How is energy efficiency boosting the ecological transition?

Energy savings are one of the priority objectives in the fight against global warming and for the energy transition. Buildings alone account for 35 % of global energy consumption and 39 % of carbon dioxide emissions.

Making the construction sector more sustainable is a crucial issue for achieving the goals of the Paris Agreement: if implemented globally, energy efficiency measures in the construction sector could reduce CO emissions by 5.8 Gt by 2050; that is an 83 % reduction in greenhouse gas emissions. How can these goals be achieved?

This can be achieved, for example, through a "fabric first" approach, i.e., a design that maximizes the performance, particularly energy performance, of the components and materials that make up the building from the outset. This approach is advocated by Saint-Gobain.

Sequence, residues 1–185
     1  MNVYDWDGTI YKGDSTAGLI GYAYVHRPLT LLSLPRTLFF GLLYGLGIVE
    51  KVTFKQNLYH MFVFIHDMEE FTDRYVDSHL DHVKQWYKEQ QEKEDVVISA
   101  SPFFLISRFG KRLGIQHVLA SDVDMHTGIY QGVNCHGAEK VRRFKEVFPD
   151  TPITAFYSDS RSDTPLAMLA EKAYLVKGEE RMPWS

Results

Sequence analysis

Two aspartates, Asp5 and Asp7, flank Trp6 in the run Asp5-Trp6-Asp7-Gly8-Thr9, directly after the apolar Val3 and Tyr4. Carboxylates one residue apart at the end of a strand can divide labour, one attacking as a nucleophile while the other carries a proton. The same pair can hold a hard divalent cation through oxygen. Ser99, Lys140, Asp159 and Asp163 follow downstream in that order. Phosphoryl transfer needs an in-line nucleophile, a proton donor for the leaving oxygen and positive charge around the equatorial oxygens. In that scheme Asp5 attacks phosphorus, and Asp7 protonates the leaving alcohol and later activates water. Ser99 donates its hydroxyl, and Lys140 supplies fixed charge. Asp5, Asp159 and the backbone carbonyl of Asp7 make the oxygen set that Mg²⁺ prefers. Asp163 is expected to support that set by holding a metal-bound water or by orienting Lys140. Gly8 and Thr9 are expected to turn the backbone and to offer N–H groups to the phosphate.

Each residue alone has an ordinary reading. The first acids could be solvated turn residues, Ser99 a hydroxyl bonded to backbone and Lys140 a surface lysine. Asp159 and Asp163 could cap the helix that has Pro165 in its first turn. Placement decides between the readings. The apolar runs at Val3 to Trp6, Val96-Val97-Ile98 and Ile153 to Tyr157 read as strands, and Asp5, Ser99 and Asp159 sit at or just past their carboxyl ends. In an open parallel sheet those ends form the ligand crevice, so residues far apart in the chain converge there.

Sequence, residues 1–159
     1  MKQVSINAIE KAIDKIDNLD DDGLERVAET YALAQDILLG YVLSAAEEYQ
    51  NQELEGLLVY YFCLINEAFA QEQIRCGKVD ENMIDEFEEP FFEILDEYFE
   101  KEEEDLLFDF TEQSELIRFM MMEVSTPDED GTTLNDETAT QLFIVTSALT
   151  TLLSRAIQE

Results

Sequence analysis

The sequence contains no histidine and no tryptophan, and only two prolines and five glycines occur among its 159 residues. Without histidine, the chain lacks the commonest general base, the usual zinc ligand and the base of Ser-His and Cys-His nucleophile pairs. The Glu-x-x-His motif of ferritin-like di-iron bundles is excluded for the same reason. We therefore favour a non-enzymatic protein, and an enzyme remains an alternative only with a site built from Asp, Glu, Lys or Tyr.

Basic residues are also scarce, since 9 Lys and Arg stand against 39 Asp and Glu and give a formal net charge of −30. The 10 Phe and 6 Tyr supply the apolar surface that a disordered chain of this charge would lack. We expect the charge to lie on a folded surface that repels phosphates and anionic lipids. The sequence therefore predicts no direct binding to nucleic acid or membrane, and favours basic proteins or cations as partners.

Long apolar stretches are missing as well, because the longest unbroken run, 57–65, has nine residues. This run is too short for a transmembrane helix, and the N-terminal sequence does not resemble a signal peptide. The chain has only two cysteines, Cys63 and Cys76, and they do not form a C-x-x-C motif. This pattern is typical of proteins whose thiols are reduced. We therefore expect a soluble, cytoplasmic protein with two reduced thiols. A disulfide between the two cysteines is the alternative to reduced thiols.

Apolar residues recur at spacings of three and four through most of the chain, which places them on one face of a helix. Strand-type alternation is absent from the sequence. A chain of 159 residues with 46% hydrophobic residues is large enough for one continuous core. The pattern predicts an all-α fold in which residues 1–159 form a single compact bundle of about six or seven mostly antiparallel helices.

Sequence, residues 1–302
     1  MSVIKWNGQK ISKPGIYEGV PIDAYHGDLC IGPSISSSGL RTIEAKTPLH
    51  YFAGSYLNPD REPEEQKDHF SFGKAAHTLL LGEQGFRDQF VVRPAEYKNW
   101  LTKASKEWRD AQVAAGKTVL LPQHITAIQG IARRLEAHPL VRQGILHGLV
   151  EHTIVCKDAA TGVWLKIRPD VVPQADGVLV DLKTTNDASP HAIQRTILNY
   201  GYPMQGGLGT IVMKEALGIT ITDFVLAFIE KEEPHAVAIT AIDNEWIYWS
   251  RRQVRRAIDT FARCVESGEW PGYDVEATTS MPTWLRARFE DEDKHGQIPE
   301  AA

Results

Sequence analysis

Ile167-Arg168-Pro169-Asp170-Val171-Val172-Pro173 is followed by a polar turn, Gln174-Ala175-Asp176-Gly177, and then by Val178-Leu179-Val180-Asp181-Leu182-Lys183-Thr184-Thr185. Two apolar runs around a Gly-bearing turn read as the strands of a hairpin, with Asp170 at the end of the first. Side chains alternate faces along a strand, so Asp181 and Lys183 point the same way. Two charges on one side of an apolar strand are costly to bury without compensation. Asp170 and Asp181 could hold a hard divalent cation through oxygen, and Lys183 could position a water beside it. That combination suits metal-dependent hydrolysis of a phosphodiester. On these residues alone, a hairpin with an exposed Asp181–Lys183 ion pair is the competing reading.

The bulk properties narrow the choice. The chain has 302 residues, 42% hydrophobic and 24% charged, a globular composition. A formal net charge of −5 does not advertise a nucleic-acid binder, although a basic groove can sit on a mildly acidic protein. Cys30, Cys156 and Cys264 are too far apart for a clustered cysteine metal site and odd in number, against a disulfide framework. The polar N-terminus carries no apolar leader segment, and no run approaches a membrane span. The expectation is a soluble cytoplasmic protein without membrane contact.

By developing low emissivity glazing and high-performance insulation solutions with highly recycled or biobased materials that significantly reduce heat transfer between the inside and the outside, Saint-Gobain is contributing to the design of new buildings with minimal energy requirements for heating and cooling.

At the same time, Saint-Gobain advocates the development of a more respectful building site. To this end, we are creating materials that can respond to eleven structural stages in the life of a building site in order to improve the final energy efficiency of the latter. Lightweight glass panel partitions, double flow ventilation systems, waste sorting and reuse... The nature of the materials, whether they are circular or designed for their energy efficiency, promotes sustainable construction.

L’exposition à la lumière naturelle contribuerait à nous faire gagner 46 minutes de sommeil quotidien en moyenne.

Let natural light radiate indoors

la pollution de l’air est fortement présente dans les intérieurs où nous passons plus de 90 % de notre temps

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En Europe, une personne sur cinq est victime de pollution sonore

Acoustic insulation: a problem that is (still) too little known about